If a tree falls in Xandar, does his "I am Groot" offspring really make the same sound? More specifically, if adult Groot sacrifces himself for his friends and ends up getting blasted into smoky little twigs, then how much of his heart, memory, and soul is really carried over into the adorable potted plant that starts the new life of Guardians of the Galaxy Vol. 2’s Baby Groot?
In any of his leafy permutations, what Groot must really mean when he says “I am Groot” remains one of life’s great mysteries. So it’s about time someone other than Rocket Raccoon — especially after getting emotionally wrecked by that tear-jerking “I am Groot” at the end of Avengers: Infinity War — started deciphering it.
That’s where botanist (and evident Marvel fan) James Wong comes in. Embarking on a Twitter conversation that was destined to engage fields of thought much broader than pure science, Wong started a sort of serious, sort of tongue-in-cheek Twitter thread that promised to apply the principles of botany to the unique question of Baby Groot’s identity and selfhood.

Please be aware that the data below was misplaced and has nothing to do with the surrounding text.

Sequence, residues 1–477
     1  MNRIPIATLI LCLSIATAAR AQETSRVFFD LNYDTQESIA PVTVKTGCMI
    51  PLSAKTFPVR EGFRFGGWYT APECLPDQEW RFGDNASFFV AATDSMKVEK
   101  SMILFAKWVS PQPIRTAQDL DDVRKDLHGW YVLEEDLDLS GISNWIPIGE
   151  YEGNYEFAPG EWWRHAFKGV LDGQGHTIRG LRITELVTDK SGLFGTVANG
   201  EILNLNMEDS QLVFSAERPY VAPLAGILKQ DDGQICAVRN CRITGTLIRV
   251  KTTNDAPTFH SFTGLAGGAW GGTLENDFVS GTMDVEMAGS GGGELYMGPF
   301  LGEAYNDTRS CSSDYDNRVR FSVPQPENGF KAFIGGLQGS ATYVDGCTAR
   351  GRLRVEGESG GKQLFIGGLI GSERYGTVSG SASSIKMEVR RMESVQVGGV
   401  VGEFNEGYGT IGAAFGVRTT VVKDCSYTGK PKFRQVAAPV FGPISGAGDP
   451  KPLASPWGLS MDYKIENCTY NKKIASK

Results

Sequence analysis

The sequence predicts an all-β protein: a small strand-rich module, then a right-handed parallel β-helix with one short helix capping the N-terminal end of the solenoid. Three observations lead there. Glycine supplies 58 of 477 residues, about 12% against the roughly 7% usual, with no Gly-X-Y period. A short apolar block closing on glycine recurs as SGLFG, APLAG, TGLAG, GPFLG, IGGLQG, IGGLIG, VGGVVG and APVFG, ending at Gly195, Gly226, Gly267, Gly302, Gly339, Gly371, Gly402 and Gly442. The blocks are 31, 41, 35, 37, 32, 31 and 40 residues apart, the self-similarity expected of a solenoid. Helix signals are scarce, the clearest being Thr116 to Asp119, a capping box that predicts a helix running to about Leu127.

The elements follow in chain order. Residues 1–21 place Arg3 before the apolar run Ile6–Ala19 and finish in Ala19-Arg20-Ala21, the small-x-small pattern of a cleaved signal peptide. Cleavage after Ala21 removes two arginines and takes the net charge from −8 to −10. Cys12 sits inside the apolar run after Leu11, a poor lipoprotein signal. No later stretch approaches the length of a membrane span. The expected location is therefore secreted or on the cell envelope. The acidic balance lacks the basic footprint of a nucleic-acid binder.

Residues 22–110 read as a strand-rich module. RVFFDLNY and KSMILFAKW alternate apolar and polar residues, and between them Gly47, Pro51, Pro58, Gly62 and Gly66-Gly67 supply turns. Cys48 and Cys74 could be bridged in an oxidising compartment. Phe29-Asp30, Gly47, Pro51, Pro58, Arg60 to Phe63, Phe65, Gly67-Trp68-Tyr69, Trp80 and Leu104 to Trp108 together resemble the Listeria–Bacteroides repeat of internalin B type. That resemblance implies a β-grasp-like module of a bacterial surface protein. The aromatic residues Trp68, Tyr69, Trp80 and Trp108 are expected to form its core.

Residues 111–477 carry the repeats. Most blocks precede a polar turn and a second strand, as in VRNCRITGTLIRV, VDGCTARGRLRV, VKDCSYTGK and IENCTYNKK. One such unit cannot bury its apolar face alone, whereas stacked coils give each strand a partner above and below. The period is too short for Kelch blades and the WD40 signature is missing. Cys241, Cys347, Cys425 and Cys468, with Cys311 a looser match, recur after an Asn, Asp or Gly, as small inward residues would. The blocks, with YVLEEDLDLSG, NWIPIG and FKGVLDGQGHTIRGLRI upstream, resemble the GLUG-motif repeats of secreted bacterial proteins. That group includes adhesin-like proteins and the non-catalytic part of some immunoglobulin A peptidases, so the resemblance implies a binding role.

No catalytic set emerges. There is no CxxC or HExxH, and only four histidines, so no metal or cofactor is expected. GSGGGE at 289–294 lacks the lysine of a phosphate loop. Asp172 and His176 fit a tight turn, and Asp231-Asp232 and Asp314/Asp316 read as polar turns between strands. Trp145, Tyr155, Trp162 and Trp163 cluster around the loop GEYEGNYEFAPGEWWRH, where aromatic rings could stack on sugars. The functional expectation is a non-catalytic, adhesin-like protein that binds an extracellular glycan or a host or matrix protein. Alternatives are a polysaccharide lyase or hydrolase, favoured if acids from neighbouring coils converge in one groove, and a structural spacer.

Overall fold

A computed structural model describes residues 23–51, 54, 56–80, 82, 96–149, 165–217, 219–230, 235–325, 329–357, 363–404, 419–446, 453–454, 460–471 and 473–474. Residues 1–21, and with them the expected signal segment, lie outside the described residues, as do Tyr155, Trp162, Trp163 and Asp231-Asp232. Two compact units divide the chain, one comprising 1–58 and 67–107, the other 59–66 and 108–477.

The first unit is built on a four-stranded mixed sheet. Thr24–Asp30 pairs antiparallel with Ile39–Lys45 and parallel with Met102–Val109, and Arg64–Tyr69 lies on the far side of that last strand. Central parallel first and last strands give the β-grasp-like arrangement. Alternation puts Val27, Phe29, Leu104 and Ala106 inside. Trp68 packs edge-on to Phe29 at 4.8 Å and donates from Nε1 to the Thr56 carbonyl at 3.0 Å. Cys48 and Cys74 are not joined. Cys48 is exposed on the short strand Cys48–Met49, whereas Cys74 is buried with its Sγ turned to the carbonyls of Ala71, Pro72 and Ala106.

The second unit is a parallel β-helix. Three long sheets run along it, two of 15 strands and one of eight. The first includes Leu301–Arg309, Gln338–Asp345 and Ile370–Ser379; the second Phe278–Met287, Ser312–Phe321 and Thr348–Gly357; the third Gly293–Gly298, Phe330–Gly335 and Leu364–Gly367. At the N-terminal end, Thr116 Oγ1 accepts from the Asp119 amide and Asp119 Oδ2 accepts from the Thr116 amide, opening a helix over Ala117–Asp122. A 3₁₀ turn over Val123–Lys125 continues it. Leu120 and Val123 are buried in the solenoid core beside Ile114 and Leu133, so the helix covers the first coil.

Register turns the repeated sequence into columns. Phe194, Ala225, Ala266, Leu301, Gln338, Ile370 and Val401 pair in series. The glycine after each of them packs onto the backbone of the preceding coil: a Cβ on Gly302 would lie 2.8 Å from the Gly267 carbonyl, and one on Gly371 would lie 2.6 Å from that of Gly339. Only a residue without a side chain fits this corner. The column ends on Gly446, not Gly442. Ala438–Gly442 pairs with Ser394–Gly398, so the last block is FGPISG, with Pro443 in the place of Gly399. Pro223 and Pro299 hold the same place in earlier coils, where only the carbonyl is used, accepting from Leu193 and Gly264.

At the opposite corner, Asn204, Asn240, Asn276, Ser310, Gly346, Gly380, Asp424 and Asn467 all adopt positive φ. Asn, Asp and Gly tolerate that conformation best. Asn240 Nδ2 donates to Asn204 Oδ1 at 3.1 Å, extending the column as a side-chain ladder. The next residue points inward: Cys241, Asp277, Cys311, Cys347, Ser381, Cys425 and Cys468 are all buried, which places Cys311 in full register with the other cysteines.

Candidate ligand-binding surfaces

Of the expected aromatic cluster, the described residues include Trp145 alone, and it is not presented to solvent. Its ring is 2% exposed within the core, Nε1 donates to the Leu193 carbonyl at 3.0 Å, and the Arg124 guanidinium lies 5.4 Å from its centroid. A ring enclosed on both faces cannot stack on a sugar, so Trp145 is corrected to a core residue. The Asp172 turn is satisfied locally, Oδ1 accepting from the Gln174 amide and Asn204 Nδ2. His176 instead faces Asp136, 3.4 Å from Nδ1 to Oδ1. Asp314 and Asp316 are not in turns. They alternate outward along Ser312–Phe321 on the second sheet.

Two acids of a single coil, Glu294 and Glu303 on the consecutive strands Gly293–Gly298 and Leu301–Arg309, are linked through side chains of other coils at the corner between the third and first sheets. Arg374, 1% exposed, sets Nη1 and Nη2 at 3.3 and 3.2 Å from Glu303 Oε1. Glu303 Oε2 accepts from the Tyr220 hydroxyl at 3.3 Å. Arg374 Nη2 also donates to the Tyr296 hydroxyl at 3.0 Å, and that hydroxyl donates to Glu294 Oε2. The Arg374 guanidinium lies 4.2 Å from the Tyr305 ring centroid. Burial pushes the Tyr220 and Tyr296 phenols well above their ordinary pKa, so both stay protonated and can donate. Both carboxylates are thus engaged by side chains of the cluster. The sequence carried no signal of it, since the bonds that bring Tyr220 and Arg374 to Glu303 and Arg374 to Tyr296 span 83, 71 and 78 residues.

It germinated innocently enough, with Wong heroically announcing science could settle such matters:
Wong then branched out, explaining what genetic material is preserved, as well as what’s uniquely created, every time a plant is propagated, settling on the idea that Baby Groot is adult Groot's perfect genetic clone. He even speculated that there are scientific reasons why Baby Groot could have his own distinct identity, while still sharing a memory with his Guardians 1 progenitor.
In one of those rare Twitter threads that somehow manages to be silly, fascinating, baffling, intelligent, and hilarious all at once, fans started throwing some serious verbiage around, invoking everything from philosophy (John Locke) to developmental psychology (Jean Piaget) to auteur theory (Guardians director James Gunn).
Considering Infinity War’s handling of Groot’s fate, it’s safe to say he isn’t going anywhere anytime soon. Watch the movie (in theaters everywhere) with all these burning Twitter questions in mind, and then decide for yourself — Who, really, is Groot?